Now I praise God that we are New Testament Christians unencumbered by the necessity of daily sacrifices. I thank God that our walk is by grace not walking up to Mecca. I bless Jesus that if I forget to pray for a few days, he's not ticked off and withdrawn.
BUT a living faith demands something observable and different. An integration of God into our daily living that is tangible. An adoration that treats God like He's real and like He's really here and really hearing.
Folks that I see worshiping their false gods appear odd and different to me. That's the way I should appear to those without a living faith in Jesus. They should say, "Hey, why do you do what you do?".
Why are you kneeling? Why do you pray before you reach for an aspirin? Why do you carry that little book around? Why does your checkbook have a weekly check to church? Why do you look for the hurting to help? Why don't you rent the raunchy movie that Hollywood says is so cool? Why do you dance around in your living room to worship music? Why do you take expensive trips to 3rd world places that are so poor they turn your stomach?
I don't want merely a "doctrine" of God, I want a "doing" for God! I want to act different by faith and because of faith. No functional atheism for me!
October 05, 2009
With my apologies to the old Burger King commercials,"Have it your way"...I was shocked to discover that Norway has been ranked as the best place in the world to live. Norway! (news.bbc.co.uk/2/hi/in_depth/8290550)
Norway...where six months out of the year the average temperature is below freezing. That may be "your-way" to live but it's "no-way" to live for me.
Based on longevity, educational system, safety, and earnings per person, Norway came out on top. Of course...they are frozen half the time, they are inside studying, people are too cold to commit crime, and there is nowhere to spend your money.
Give me Southern California, palm trees swaying, warm sand under my toes, people from around the world, average temp 70 degrees, and Disneyland. Come on people.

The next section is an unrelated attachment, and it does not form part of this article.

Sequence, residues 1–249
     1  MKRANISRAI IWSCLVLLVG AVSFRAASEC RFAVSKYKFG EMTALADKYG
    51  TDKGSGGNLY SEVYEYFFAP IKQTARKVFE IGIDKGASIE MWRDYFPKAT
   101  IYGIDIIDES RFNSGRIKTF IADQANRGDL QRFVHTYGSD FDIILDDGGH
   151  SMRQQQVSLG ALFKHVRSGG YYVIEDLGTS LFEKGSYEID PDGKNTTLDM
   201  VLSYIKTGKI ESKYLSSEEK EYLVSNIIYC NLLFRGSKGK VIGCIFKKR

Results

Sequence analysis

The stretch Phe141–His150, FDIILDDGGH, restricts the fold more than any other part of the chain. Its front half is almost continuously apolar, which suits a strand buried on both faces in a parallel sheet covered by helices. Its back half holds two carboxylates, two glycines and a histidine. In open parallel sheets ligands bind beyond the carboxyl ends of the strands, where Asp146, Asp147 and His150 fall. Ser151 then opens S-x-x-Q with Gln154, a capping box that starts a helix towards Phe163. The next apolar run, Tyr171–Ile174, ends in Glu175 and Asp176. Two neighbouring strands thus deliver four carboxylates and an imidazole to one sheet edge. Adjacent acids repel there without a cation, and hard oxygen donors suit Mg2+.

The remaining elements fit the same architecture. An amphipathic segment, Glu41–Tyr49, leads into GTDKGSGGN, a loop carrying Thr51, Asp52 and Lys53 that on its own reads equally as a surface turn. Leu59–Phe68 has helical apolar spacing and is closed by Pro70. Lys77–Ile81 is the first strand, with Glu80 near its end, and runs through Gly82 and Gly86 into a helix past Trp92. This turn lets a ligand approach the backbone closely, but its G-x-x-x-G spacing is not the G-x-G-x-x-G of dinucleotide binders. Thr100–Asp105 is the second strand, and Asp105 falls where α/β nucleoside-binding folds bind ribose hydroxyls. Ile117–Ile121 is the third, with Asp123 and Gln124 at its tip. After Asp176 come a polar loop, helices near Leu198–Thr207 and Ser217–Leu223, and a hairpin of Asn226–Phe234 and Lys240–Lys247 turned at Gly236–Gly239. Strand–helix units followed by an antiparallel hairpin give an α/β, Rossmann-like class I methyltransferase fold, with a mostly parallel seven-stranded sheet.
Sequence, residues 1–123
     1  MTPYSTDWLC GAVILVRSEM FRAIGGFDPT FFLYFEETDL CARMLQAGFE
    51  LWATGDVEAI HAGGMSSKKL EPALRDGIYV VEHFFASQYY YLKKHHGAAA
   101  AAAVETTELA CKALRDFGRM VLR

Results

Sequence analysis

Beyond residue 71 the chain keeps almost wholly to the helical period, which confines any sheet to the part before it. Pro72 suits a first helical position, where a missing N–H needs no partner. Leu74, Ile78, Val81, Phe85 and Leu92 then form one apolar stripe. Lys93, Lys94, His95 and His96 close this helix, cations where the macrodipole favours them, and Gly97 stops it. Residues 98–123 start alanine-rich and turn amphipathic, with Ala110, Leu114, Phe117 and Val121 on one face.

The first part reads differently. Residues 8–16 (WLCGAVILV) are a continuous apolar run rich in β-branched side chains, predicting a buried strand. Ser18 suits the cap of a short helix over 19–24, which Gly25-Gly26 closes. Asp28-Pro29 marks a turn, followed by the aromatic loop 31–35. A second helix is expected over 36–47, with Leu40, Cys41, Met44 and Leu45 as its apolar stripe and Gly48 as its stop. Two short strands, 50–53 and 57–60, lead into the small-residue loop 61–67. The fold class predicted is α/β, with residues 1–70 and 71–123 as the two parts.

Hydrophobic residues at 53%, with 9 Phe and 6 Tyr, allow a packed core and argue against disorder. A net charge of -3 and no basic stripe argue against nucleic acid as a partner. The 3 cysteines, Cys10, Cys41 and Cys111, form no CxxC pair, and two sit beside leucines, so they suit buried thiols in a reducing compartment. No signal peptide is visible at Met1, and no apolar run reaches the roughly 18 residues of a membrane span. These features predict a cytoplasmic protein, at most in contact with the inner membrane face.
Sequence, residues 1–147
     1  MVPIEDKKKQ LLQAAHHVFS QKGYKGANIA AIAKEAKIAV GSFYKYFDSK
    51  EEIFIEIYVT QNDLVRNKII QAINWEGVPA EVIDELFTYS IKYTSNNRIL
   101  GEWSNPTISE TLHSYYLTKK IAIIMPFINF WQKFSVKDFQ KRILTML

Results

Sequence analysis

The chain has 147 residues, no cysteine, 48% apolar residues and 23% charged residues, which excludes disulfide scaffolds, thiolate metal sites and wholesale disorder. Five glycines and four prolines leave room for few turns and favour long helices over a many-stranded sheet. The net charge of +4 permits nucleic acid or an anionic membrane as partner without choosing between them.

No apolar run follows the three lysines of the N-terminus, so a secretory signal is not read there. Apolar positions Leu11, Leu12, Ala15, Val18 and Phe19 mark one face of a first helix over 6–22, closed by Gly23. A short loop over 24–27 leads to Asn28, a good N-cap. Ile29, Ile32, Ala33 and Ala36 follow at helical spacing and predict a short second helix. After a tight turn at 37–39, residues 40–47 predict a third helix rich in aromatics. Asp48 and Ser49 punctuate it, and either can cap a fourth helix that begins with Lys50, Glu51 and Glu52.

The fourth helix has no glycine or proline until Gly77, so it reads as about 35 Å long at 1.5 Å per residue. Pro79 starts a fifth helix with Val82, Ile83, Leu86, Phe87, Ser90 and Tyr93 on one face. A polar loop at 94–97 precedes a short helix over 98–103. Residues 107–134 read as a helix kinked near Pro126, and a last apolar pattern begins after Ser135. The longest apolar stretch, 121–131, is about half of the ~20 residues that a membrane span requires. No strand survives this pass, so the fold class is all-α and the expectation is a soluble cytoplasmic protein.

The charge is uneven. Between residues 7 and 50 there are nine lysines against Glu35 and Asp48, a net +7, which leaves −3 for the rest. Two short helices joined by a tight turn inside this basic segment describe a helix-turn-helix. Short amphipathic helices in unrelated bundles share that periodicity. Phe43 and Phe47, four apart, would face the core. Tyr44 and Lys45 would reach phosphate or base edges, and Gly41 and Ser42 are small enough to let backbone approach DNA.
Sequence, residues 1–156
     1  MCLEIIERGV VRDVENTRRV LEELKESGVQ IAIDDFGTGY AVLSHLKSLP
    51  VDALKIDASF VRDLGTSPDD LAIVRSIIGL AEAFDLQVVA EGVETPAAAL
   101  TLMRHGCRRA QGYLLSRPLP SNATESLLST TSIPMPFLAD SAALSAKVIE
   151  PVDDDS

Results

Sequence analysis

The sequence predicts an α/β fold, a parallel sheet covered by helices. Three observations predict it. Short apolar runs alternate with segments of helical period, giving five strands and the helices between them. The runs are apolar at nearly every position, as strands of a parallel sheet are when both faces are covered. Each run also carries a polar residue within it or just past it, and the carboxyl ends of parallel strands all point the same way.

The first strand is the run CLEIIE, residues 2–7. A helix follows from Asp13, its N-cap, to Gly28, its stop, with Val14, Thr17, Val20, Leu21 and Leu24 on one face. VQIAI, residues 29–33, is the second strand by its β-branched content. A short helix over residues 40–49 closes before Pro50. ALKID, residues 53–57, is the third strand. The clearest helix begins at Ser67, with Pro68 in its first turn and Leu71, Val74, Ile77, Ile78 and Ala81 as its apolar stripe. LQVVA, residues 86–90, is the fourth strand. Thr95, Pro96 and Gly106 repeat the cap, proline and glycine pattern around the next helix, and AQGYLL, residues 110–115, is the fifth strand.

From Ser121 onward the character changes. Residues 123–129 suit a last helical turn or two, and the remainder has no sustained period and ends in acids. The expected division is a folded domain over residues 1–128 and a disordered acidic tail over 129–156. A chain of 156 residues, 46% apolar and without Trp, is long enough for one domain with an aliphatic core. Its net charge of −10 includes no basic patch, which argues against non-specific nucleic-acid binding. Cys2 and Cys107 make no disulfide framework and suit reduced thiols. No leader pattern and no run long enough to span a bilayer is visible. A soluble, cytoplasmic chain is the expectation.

Just pray that my wife doesn't read this...she's full on Norwegian...I will take my Norwegian but I will take her to So.Cal! No way, Norway!
By the way...Iceland was #3!! Iceland!
September 28, 2009
The second pastor I worked for was a jokester. At a banquet he was introduced to say the prayer before the meal. As he stood he produced a head of lettuce and spray bottle and he held it up. The looks of befuddlement that appeared were answered with his announcement\invitation, "Lettuce Spray" and with that he bowed his head began to pray.
Lots of folks treat prayer like lettuce spray...an obligatory religious exercise that is more for the good of the person praying than for the impact on the situation prayed about.
But if you are serious about God's Word, there is no denying that the first and most powerful place to address any circumstance is by saying, "Let Us Pray!"
"Let us pray" is the invitation for you and someone else to join your faith before the throne of the living God of the universe, the real one, the listening one, the loving one, the mighty one. Together, whether with two or two thousand, you lift up your faith to the Father and "make your requests known to God with thanksgiving" (Phil 4:6)expecting in faith for your prayer to actually impact the situation you are praying about.
Praying alone is powerful also but there is no doubt that the text and the example of scripture is that US is stronger than ME. (Matthew 18:19,20)
What a powerful privilege this phrase, "Let us Pray"...much more effective than LETTUCE SPRAY.
September 25, 2009
They thought I was crazy.
"You want FIOS, you want internet and phone but NO TV? Do you understand TV is included? Everybody loves TV!"
When I told him we had been TV free all of our married lives and for now our intention was to stay that way...he fell over the rest of the way.
I have to say I was tempted this time. "Tempted" is not the right word because I am convinced it would NOT be a sin for me to have a TV. I have a TV in our vacation home. I never have one second of critical thoughts about those who do have TVs.
But I was "tempted" in the sense I thought it might be nice to have a new friend in the house. This friend could be there to "veg" with me when I was tired, "inform" me when I was feeling out of touch, "educate" me with the history channel, "entertain" me when I was bored, "school" me so I would know what was cool and how to pronounce "Pelosi". I could really use a friend like that.
But then I hesitated. "Would my new friend be true to me?"